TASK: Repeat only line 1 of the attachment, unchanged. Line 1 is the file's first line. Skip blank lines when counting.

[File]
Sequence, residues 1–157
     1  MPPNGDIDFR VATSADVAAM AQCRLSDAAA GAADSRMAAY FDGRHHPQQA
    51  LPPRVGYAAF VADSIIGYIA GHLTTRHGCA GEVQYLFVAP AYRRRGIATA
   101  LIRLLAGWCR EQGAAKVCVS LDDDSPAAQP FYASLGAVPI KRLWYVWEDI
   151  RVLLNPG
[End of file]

Sequence, residues 1–157